Prairie Kingsnake Care

The prairie kingsnake is a smaller species of kingsnake. Although secretive and somewhat shy, the prairie kingsnake is usually docile and makes a great pet.

Prairie kingsnake as pets

The prairie kingsnake is underrated. They make wonderful captives that are smart and receptive to their keepers.  They’re also relatively easy to take care for. I place them in the same class as the corn snake. While they’re one of the easiest snake species to care for, they’re certainly not one of the most popular. That’s too bad, they’re great pets and their popularity is beginning to grow as interest continues to increase.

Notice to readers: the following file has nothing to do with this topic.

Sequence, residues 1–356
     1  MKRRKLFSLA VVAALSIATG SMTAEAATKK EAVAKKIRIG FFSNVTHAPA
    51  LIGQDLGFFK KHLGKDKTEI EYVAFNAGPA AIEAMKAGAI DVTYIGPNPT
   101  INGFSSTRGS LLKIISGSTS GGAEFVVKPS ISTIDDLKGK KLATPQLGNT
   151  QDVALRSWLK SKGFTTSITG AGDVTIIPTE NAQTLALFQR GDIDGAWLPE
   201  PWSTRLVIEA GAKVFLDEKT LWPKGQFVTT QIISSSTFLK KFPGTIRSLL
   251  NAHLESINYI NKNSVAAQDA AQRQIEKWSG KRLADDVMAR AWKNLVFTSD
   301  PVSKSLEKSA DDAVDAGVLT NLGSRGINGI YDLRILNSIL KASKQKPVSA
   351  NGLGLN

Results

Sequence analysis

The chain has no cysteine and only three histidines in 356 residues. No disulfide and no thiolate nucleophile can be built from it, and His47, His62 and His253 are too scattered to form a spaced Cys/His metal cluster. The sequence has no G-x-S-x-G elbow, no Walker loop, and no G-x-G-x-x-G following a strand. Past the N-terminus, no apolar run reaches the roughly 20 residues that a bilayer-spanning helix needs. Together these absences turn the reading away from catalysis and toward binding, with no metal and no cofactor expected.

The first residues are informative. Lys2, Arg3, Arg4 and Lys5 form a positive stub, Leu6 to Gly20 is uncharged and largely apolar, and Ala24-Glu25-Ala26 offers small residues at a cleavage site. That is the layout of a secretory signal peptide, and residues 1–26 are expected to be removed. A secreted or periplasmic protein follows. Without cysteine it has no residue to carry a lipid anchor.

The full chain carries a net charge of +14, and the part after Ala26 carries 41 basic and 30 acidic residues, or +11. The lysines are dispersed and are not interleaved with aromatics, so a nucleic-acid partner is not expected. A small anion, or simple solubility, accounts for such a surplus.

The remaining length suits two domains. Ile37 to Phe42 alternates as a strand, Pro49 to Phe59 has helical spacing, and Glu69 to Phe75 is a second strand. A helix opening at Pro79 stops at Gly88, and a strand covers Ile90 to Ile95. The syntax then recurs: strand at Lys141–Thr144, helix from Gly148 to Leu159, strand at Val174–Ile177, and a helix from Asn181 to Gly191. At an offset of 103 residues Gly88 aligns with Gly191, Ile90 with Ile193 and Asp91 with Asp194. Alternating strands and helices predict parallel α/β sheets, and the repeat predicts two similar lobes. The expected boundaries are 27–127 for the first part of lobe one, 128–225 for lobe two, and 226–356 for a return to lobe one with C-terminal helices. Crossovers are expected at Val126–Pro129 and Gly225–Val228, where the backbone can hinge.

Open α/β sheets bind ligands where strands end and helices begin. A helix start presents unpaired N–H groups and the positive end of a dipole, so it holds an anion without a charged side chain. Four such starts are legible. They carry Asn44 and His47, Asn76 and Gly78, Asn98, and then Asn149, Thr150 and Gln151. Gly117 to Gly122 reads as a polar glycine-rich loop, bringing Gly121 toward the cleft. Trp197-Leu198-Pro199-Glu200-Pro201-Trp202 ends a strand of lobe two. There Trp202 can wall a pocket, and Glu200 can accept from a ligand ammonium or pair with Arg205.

Keep them dry with moderate to low humidity. Always keep a full water bowl in your prairie kingsnakes enclosure. If the snake happens to tip the bowl over, don’t delay in cleaning up the excess moisture. Sometimes too much water along with cool temperatures causes upper respiratory infections. That’s not usually the case with the prairie kingsnake as they’re relatively hardy like most kingsnakes.

Does the prairie kingsnake make a good pet for beginners?

Yes, the prairie kingsnake is hardy, easy to care for, and doesn’t stress easily.

Appearence of the Prairie Kingsnake
Introducing the highly underrated prairie kingsnake.

Size

These snakes average out between three to four feet with smaller specimens being a distinct possibility. Generally speaking, they won’t take up much room and stay manageable their entire lives.

Prairie kingsnake in this video

Care and suitability are similar to other hardy kingsnake species. 

Prairie kingsnake bite